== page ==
Vermont is renowned for its ski resorts, which attract visitors from all over the world. From Jay Peak in the north to Mount Snow in the south, there are nearly 20 ski mountains that offer downhill skiing experiences for all skill levels. The ski resorts are open from December to March, ensuring excellent conditions for skiing and snowboarding. However, these resorts are not limited to winter activities. Many large resorts offer on-mountain activities throughout the year, including mountain slides, mountain biking, rope courses, and scenic chairlift rides.
8. Lake Champlain
Running between Vermont and New York, Lake Champlain is a 120-mile stretch of water that offers beautiful scenery and outdoor recreation opportunities. With its undeveloped shoreline, it serves as a haven for wildlife, making it a paradise for birdwatchers and nature enthusiasts. Lake Champlain is also home to several wildlife reserves, as well as the ECHO Lake Aquarium and Science Center, which offers educational exhibits and interactive displays. The lake’s historical significance is also explored at the Lake Champlain Maritime Museum, which overlooks Basin Harbor.
Located on the scenic shores of Lake Champlain, Burlington is a vibrant city with a rich arts, culture, and culinary scene. Despite its small size, it offers a wide range of interesting activities, including breweries, museums, and markets. Burlington is home to a large student population, giving it a youthful and energetic atmosphere. Visitors can explore the picturesque Church Street Marketplace, which is the heart of the city’s bustling downtown. The waterfront area offers stunning views of Lake Champlain and is a popular spot for leisurely strolls.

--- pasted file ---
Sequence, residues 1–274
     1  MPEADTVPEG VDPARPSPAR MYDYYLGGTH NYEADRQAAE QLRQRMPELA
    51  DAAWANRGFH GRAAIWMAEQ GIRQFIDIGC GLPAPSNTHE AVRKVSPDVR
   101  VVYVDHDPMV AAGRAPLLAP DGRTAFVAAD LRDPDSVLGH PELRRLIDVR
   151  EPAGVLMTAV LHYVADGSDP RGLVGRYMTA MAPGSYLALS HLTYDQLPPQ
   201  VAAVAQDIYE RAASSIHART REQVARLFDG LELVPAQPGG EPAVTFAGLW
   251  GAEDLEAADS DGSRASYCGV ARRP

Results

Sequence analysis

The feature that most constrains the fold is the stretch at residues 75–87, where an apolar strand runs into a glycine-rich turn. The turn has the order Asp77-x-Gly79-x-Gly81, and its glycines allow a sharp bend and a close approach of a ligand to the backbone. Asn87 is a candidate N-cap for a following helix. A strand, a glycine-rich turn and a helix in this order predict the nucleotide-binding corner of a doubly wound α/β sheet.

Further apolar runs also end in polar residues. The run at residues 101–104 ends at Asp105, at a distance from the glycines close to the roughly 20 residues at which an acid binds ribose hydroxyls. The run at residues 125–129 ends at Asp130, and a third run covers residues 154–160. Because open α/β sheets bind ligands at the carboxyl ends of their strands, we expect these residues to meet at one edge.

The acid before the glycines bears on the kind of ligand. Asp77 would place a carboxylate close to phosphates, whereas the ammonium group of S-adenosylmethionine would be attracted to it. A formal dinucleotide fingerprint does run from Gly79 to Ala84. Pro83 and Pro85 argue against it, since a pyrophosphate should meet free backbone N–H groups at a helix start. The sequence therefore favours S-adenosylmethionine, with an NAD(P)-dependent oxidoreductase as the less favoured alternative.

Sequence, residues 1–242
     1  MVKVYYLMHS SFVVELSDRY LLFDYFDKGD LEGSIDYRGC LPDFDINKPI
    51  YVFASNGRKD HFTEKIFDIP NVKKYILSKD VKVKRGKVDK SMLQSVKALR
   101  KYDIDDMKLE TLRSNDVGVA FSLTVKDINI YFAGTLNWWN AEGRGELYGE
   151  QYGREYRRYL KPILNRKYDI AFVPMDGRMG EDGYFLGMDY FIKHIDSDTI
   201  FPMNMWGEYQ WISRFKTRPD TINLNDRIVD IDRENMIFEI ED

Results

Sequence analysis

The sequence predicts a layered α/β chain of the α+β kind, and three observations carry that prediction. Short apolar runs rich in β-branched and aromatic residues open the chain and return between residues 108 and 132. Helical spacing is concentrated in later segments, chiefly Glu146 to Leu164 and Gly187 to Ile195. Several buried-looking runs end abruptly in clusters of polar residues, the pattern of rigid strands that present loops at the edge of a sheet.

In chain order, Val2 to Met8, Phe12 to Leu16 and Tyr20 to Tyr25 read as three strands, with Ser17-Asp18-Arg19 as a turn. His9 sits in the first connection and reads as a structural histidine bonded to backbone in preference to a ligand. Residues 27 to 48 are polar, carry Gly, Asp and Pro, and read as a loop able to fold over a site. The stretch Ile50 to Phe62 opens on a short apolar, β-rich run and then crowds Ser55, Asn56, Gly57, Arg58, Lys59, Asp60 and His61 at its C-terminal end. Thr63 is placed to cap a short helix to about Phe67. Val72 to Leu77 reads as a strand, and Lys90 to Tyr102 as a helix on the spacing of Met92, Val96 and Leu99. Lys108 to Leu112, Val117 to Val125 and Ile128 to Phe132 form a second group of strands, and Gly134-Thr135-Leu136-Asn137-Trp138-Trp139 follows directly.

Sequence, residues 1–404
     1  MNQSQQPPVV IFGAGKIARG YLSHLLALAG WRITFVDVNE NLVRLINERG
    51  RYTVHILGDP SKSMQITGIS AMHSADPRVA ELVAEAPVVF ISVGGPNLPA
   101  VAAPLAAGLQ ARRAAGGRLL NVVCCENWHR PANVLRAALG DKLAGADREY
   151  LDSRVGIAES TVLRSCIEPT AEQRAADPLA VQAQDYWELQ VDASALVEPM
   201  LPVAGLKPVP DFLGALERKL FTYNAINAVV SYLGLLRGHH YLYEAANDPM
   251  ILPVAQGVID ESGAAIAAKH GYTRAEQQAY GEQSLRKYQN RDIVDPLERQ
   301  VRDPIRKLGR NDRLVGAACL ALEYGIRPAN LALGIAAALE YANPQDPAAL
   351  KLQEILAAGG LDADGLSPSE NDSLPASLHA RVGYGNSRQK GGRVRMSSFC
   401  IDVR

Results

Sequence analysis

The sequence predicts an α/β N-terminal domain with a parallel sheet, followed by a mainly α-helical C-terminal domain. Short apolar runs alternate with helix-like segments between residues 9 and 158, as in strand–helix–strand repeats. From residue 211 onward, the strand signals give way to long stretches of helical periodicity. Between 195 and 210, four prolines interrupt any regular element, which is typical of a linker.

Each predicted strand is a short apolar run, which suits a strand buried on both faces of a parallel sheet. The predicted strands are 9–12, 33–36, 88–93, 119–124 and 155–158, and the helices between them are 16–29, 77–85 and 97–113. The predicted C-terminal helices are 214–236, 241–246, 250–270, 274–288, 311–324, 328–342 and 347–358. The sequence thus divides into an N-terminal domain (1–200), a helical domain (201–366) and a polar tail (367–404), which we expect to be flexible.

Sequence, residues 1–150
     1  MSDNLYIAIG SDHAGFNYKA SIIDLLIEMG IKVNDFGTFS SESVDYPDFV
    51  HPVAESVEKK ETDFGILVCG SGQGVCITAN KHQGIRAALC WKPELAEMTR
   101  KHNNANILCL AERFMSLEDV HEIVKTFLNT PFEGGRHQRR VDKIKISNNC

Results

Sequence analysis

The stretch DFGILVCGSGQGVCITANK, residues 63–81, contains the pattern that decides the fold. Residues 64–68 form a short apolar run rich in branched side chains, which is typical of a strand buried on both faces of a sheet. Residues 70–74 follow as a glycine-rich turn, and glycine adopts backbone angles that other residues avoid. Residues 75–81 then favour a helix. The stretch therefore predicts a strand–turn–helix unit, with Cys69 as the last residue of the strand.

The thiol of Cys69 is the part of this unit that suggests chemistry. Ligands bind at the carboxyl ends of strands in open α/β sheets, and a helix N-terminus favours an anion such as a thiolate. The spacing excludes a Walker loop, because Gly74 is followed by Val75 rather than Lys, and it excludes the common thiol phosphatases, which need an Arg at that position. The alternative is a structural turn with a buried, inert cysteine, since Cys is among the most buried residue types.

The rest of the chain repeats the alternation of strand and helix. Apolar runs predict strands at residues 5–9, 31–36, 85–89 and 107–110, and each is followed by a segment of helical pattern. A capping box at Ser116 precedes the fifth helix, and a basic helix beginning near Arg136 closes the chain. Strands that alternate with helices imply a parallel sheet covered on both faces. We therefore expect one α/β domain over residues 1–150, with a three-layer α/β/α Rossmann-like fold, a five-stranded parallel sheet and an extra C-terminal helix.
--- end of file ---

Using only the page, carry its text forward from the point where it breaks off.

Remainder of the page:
Stowe is an ideal village and a popular tourist destination year-round. Known as the ski capital of the East, it offers a plethora of outdoor activities, including skiing, biking, and hiking. During the summer, visitors can enjoy the scenic Stowe Recreation Path, which takes them past beautiful scenery and local restaurants. Stowe’s historic district is filled with charming buildings, colorful shops, and unique boutiques. It’s a place where history meets the great outdoors, creating a perfect balance for visitors.
With its stunning landscapes, charming towns, and rich history, Vermont offers a wealth of attractions for tourists to explore. Whether you’re seeking outdoor adventures or a taste of Vermont’s unique culture, this state has something to offer everyone. Plan your visit to these top 10 places and immerse yourself in the beauty and charm of Vermont.